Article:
Dr. Hunt Batjer, chairman of neurological surgery at UT Southwestern and president-elect of the American Association for Neurological Surgeons, says White’s research is not validation for a human head transplant. “[It’s] a 45-year-old reference in a primate and there is no evidence that the spinal cord was anastomosed functionally,” he says. Batjer further explains that it’s a great leap to go from brain survival of the surgery to restoring body function, which White did not look at.
Canavero is confident in his writing and in conversation. He cites White’s monkeys and even the success of German researchers who helped paralyzed rats walk, giving no pause to the fact that such research is more likely to go nowhere than to make it to human clinical trials.
He published his paper in the free, online, medical journal Surgical Neurology International in 2013. He walks readers through a scenario, outlining the key points that will make this work, including cooling the spinal cord before severing it. Doing so with an ultra-sharp blade will avoid the damage experienced by spinal cord injury patients, he says. He’ll use a “magic ingredient” as a sealant to fuse the spinal cord back together and offers a few options for what that ingredient could be. The nerves, having been color-coded when separated, will be carefully aligned and this will all be done very quickly because time is key.
An impossibility, according to Batjer. He conceded that the airway, the spine, the major veins and arteries, can all be put back together, but the spinal cord is the problem. He says the result would be the inability to move or breathe.
“I would not wish this on anyone, I would not allow anyone to do it to me, there are a lot of things worse than death,” Batjer says.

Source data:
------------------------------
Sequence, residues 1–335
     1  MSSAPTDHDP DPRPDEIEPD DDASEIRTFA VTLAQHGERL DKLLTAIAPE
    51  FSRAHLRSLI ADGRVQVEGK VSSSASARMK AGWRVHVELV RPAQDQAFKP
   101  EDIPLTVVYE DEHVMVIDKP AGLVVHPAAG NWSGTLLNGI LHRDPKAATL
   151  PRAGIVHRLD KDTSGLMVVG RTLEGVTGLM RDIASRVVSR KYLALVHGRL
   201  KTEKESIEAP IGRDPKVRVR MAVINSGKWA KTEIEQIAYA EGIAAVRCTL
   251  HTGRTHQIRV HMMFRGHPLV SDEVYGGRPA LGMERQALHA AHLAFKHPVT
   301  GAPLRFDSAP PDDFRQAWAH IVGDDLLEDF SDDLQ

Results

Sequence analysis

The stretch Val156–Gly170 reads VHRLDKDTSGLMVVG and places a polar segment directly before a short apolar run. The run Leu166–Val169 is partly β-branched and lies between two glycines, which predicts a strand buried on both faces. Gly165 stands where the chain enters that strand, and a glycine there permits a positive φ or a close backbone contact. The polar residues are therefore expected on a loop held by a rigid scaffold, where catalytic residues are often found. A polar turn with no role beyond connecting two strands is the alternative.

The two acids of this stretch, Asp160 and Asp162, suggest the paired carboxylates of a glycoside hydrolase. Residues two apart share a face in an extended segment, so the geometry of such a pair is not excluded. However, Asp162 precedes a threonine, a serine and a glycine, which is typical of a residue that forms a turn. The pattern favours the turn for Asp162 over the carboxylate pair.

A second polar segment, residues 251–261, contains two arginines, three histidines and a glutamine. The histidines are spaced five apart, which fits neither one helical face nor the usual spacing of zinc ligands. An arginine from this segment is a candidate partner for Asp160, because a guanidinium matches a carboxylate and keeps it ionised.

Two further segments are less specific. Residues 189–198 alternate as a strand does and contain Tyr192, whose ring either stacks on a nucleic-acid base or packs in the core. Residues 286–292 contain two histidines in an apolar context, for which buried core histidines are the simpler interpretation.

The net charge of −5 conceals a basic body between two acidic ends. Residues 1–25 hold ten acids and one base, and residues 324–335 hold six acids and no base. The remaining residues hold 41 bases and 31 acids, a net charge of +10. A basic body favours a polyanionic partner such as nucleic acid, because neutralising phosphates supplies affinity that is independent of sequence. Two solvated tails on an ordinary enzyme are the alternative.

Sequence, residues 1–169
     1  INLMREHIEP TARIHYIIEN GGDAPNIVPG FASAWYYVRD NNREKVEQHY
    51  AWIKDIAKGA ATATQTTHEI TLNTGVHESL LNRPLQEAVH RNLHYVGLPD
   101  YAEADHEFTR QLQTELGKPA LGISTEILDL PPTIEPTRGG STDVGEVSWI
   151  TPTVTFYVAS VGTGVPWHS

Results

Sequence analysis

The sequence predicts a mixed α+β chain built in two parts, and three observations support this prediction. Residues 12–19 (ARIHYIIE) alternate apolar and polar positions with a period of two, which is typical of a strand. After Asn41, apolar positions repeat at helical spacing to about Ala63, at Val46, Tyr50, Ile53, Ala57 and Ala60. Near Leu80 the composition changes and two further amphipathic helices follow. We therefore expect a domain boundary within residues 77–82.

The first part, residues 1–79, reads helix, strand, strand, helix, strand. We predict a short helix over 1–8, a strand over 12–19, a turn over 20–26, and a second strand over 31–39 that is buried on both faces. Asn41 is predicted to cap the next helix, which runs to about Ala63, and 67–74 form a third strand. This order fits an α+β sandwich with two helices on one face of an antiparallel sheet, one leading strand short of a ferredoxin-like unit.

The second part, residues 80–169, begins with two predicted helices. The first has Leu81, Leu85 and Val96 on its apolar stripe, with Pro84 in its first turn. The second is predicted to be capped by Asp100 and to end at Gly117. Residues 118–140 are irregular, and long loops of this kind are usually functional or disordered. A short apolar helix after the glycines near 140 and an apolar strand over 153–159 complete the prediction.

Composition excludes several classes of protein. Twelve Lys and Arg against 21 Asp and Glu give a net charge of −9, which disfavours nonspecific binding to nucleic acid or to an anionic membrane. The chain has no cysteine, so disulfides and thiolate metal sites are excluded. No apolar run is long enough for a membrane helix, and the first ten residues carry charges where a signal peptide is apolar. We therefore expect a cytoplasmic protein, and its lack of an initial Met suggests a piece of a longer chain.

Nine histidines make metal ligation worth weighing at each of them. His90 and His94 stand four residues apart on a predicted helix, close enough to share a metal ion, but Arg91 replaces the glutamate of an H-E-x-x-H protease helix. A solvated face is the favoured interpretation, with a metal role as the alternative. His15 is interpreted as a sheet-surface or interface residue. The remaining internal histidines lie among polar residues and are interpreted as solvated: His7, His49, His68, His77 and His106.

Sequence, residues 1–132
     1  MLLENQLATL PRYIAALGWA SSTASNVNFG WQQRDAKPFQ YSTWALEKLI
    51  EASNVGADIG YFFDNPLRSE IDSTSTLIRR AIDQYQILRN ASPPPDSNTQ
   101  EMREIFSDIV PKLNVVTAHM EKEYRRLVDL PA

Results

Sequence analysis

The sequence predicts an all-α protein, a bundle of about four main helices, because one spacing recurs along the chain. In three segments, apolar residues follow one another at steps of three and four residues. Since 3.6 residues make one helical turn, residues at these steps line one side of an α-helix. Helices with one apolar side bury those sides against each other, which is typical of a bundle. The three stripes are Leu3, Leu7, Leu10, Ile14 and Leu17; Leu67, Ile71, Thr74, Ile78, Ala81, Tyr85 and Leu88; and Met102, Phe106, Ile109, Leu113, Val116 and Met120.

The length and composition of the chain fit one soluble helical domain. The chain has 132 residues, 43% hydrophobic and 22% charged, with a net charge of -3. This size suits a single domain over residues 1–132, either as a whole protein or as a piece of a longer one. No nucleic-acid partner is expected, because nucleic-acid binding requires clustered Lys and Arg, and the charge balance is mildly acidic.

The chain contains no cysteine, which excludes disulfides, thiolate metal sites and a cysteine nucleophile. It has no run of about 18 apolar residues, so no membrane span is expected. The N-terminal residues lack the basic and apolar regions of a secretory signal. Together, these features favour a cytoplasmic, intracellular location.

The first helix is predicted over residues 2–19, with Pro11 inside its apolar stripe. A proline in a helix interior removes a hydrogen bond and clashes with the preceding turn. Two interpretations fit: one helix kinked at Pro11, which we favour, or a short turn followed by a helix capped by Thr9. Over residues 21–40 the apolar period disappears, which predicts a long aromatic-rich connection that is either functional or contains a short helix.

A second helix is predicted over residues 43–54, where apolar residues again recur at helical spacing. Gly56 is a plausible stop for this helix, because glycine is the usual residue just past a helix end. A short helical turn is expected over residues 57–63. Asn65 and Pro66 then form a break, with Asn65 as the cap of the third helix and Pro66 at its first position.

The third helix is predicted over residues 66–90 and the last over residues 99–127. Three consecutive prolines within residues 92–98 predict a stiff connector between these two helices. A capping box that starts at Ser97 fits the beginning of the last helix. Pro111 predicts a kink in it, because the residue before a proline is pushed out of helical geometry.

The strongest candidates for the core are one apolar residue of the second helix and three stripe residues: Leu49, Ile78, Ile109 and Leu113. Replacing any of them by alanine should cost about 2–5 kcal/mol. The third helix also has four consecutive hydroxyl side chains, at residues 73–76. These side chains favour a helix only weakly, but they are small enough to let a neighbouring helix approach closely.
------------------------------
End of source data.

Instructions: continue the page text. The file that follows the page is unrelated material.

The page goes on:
The science isn’t there to support this, says Arthur Caplan, Ph.D., director of medical ethics at NYU Langone Medical Center. He says it’s nothing more than a big PR stunt, and calls Canavero “nuts.”
Caplan says this has to be done in many animals before it’s tried on humans. Caplan also points out that if Canavero can do this, he should first be helping paralyzed patients by fixing their spinal cords, before transplanting whole bodies.
As for the patients, Caplan says, “their bodies would end up being overwhelmed with different pathways and chemistry than they are used to and they’d go crazy.”
In his paper, Canavero says identity issues could be a problem as the head gets used to its new body. He also says pain could be a problem. As far as immunosuppression, Canavero points to today’s transplant successes as evidence this is not a problem.
Caplan isn’t buying it. He’s seen how difficult it is for his NYU colleagues who perform face transplants. The levels of anti-rejection medications required are so high they put patients at risk for cancer and kidney problems. He says it doesn’t make sense that you’d poison a new body with immunosuppressant medications to make a head transplant work.
Another issue Caplan has seen with face transplant patients is they don’t always get full function of their new organ.
“It’s not like you can unscrew your head and put it on someone else,” Caplan says.
Dr. Robert Ruff, the Veterans Affairs national director for neurology, calls it farfetched and farcical, not to mention unlikely to work. He says this is more like centuries away, not years. “It would be impossible to predict that far into the future,” Ruff says.
Canavero insists, though, “We can already do this.”